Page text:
Lessons Learned With Dexter - Interruption

Lessons Learned With Dexter – Interruption

I thought I knew a lot about dogs until I adopted Dexter, a Husky/Shepherd mix last fall. Among the many lessons I’ve learned is that getting your dog to wear a seat belt in the car is a great idea! I didn’t even know dog seat belts existed until our dog trainer, Tyler, suggested buying one.

I thought I knew a lot about dogs until I adopted Dexter, a Husky/Shepherd mix last fall. Among the many lessons I’ve learned is that getting your dog to wear a seat belt in the car is a great idea! I didn’t even know dog seat belts existed until our dog trainer, Tyler, suggested buying one.

Before we got a seat belt for Dexter, he was so excited to go on a ride that he would jump back and forth between the front and back seat of my truck. Since we bought him a belt that clips to the seat buckle in the car, he has no choice but to stay in the back seat. The seat belt also prevents it from sliding into the dashboard if the car comes to a sudden stop.

The second lesson I learned from Dexter is that although his prey drive is very high, he has the ability to demonstrate impulse control when asked to do so. We have three indoor cats that my kids adore, and I never thought I could trust Dexter to get into the house.

Tyler suggested that I train him to stay in a certain “place” when he entered our house. So I bought a three-by-five rubber mat at the Mardins and taught Dexter how to lie down and stay “in place” whenever he gets home.

Author Lee-Rae Jordan-Oliver with her fickle dog companion Dexter on a hilltop on one of their many travels together. (Courtesy of Lee-Rae Jordan-OIiver)

Every time he comes through the door, he goes straight to his place and settles down. It’s not unusual for our three black cats to hang out within feet of a Dexter stretched out in his simplicity. Until now, he was a gentleman when he was invited inside and understood that cats are off limits. However, I do not leave him unattended for long periods of time while he is at home because I have witnessed the deadly consequences of a prey drive on our wilderness walks.

I’ve also learned that some dogs will chew and destroy anything and everything when they are stressed. When Dexter first brought us home, I tried hard to “dog proof” in our garage which was his giant dog’s home while the family was at school or work. Although he had a lot of dog toys, he would always find something to knock him down. He was even standing on his hind legs to reach for things on the shelves that were supposed to be off-limits.

This destructive behavior continued for three months. After settling into a daily routine, which includes plenty of exercise, socializing, and training, this destructive habit has completely disappeared. We now have a wooden rack lined with our shoes, sandals, and sneakers completely out in the open.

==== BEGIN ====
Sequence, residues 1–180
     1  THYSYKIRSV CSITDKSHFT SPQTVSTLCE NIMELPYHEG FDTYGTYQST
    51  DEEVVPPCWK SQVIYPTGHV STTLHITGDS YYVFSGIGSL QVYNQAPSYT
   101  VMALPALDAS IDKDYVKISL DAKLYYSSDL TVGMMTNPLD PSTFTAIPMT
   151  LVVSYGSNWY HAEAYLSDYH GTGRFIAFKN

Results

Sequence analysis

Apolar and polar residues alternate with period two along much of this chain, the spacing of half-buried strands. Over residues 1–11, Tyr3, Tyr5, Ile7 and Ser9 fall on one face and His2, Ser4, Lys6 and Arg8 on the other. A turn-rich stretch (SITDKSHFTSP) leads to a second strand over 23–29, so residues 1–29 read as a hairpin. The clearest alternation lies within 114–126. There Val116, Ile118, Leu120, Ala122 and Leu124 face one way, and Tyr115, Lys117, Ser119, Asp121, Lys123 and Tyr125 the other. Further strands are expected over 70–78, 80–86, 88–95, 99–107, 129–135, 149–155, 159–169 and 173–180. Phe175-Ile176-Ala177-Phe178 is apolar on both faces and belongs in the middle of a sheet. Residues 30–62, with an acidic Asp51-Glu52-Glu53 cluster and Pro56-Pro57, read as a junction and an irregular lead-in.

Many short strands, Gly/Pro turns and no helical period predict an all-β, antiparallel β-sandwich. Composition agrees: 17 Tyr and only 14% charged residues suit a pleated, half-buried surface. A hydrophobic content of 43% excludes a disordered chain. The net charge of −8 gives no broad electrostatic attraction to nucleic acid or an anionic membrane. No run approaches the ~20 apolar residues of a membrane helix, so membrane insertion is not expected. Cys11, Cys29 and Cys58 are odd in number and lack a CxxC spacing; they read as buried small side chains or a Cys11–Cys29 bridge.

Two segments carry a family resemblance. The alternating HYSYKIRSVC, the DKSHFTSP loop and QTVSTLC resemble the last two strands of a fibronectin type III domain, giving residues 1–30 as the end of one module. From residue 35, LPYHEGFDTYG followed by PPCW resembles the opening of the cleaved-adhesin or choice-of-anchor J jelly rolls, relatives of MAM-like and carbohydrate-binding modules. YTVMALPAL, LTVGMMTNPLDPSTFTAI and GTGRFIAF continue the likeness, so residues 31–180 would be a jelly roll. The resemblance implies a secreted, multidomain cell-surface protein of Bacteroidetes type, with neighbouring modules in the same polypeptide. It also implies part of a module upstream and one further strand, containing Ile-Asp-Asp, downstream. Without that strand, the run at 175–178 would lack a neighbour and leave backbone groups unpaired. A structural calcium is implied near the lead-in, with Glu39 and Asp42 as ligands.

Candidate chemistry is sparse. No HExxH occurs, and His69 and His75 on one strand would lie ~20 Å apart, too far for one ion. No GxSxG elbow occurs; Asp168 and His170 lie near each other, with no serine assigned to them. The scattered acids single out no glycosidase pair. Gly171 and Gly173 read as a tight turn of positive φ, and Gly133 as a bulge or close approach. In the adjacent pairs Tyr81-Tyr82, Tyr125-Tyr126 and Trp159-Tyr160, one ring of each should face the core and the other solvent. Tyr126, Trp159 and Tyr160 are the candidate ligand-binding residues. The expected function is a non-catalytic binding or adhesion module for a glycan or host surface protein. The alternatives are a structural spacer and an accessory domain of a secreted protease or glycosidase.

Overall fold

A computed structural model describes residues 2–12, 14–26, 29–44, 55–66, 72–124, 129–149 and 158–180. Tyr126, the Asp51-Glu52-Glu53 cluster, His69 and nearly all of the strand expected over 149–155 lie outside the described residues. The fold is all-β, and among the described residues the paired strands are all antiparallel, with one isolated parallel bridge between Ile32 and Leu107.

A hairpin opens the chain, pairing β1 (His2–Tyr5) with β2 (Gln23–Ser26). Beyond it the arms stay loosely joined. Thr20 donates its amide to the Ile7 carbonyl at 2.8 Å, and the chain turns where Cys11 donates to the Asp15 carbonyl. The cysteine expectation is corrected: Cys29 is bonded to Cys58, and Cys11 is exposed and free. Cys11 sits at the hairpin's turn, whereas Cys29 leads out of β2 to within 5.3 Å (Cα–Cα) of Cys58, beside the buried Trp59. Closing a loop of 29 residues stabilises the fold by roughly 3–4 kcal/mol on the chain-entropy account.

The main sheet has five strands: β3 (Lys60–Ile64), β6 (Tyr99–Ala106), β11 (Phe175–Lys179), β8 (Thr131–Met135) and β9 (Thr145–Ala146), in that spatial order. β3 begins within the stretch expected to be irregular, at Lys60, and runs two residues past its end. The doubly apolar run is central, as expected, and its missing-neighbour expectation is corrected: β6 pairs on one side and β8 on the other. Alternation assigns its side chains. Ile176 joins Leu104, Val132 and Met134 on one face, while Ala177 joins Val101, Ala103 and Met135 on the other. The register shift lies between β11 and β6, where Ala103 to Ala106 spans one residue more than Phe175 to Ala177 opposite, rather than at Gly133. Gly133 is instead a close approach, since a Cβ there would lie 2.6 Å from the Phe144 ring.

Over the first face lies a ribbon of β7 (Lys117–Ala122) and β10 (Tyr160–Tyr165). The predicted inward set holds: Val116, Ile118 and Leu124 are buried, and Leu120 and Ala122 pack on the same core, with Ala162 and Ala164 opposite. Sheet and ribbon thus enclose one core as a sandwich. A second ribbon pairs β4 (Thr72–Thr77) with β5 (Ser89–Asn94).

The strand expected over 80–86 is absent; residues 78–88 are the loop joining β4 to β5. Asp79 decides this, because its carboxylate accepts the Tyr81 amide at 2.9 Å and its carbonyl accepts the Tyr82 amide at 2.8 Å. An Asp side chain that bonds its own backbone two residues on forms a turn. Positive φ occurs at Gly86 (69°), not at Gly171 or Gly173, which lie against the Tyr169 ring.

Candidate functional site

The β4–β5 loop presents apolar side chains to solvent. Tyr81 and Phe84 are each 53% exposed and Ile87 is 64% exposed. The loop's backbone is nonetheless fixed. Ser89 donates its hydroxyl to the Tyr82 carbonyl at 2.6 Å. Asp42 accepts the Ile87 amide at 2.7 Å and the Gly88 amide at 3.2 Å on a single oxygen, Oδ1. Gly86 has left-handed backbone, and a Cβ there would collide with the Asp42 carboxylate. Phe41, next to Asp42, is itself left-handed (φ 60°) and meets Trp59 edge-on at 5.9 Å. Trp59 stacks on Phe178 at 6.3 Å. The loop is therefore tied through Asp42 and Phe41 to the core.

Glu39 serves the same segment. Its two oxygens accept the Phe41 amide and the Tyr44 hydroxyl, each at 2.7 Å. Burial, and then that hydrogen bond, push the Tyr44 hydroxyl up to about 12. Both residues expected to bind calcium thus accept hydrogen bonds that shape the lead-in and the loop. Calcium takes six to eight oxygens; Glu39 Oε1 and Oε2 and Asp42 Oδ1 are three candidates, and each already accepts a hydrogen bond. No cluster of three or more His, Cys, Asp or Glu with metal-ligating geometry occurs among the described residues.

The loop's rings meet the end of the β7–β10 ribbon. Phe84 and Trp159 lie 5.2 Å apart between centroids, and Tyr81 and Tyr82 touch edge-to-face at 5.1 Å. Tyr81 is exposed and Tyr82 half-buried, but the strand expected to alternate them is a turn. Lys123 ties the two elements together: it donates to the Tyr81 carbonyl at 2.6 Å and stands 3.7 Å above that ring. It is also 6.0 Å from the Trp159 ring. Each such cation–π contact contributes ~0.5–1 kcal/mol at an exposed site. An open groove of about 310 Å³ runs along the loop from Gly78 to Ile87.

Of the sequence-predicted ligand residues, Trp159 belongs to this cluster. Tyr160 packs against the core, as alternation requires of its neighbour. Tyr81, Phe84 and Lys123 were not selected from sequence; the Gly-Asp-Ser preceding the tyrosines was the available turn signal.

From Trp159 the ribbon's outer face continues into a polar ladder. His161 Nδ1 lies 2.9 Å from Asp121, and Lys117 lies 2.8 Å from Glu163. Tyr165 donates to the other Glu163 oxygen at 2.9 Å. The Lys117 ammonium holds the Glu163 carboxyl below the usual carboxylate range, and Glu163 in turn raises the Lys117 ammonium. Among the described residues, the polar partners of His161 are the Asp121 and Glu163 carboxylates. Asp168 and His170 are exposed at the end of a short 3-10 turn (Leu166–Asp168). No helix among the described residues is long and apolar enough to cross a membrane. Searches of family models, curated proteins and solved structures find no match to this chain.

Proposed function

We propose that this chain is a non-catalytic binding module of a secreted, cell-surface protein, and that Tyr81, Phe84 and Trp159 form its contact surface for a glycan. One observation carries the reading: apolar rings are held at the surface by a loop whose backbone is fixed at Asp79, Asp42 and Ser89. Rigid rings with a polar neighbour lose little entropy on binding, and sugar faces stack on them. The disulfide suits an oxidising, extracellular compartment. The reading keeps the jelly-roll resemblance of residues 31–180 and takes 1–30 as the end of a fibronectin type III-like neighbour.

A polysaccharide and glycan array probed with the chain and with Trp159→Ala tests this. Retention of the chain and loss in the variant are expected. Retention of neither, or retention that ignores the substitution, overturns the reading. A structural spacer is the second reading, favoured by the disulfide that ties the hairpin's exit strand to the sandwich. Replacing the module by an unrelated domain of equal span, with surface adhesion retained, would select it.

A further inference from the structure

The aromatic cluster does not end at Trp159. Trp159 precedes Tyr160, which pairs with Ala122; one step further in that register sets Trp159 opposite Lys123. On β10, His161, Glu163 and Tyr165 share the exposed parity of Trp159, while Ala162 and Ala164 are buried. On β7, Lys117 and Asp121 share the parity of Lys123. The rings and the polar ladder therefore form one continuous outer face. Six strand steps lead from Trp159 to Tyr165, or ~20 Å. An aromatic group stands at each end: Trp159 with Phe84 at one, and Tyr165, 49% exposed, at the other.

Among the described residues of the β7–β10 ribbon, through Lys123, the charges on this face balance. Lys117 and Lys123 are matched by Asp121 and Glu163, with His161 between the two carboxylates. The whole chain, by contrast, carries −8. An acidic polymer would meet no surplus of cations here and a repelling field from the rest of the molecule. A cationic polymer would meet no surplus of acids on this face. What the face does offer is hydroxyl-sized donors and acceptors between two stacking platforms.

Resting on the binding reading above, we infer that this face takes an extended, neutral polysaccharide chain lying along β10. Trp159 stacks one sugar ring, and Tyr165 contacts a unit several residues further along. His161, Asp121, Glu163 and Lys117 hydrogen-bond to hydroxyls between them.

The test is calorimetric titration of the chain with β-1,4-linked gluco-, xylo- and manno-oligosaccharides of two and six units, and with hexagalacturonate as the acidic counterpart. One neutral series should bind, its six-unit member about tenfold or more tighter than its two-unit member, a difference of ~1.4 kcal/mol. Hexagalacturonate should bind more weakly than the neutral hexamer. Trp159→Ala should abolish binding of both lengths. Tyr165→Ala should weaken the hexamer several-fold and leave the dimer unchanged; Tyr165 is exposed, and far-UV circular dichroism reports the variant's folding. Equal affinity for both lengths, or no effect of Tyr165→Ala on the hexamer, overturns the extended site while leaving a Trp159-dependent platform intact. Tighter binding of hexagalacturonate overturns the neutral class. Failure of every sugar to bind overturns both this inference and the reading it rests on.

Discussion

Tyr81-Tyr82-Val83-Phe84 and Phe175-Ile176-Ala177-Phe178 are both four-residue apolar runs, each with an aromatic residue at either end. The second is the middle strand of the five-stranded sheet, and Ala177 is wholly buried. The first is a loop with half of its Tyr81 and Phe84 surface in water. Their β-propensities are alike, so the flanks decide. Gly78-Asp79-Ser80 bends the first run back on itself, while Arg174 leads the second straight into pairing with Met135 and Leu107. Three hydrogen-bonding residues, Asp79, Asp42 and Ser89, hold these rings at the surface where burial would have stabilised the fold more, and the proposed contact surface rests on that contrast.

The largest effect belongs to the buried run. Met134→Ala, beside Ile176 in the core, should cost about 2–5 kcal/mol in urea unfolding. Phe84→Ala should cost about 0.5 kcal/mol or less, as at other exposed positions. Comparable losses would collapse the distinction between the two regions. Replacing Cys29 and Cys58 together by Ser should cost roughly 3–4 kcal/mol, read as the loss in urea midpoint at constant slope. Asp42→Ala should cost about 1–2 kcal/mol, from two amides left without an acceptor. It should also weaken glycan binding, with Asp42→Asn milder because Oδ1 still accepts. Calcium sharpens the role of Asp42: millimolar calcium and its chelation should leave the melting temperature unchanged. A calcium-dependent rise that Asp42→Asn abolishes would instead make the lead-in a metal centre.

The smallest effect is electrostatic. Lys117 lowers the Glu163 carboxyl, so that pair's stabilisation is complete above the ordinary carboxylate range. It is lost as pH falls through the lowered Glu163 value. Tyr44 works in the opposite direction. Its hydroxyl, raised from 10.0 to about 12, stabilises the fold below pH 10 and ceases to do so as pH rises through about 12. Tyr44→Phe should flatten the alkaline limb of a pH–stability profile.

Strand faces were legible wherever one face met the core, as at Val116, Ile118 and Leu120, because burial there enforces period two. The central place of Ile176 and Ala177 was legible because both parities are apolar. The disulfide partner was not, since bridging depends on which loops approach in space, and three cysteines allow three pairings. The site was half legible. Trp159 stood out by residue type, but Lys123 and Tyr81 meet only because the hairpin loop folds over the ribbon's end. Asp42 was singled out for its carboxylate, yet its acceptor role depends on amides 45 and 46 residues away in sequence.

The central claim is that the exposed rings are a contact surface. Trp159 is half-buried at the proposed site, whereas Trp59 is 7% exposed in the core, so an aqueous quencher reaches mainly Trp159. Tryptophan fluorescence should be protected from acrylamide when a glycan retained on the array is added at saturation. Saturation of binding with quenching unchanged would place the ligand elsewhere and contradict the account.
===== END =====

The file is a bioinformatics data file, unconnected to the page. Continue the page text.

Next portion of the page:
The most important lesson I learned about dogs is that the more you can include an intelligent, high-energy dog ​​in your daily routine, the better companion it will become. Last summer, Wyatt took us and Dexter on a two-night backpacking trip on the Appalachian Trail. The dog’s smile that he wore throughout the trip indicated that he was spending time eating, sleeping, and exploring new areas with his favorite people throughout the day.

Dexter’s training was really tested when we took him to Boston, Vermont and New Hampshire for a three day family trip. On his first night in Boston, we ate at an outdoor restaurant that allowed dogs. While we were having dinner, he lay down beside the table and watched his new surroundings with keen interest.

The next day, he and I walked seven and a half miles down the Charles River, walking and running. His senses were overburdened by the countless sights, sounds, and smells he encountered. There were hundreds of people commuting along the road on bicycles, scooters, roller blades, and skateboards.

Through all the turmoil, horns honking, and blaring engines, he kept his composure and walked with me confidently. The only time he got so excited was when he saw pigeons, little rabbits, geese, and other dogs. This kept me on my toes for sure, but his instinctive behavior was manageable. Overall, I was impressed with how well he managed to keep them together in the bustle of Boston.

The highlight of the trip was when my daughter and I climbed to the top of Mount Washington with Dexter. He’s a natural climber and rock-jumper with enviable ease on the Tuckerman Ravine Trail.

Along the way there were small waterfalls where he would stop to cool off and drink water whenever he needed to. My husband Matthew met us at the summit by ferry so we could continue our trip back to Maine. Exhausted from the day’s adventures, Dexter settled into the back seat and immediately went to sleep soundly for the duration of our journey home.

During the first two years of Dexter’s life, he developed his problem-solving skills in order to survive. When we first brought him home from the shelter, he exhibited some difficult behavior that forced me to tap deep into a well of patience I didn’t know existed.

Time, energy, and a lot of love have turned him into a loyal companion who will trust his new family and live his best life.

Lee Ray Jordan Oliver is a teacher and author who lives in Hodgdon with her husband Matt and children Wyatt and Anna Walker. This is the final column in her seven-part series on life with a spirited shelter dog.

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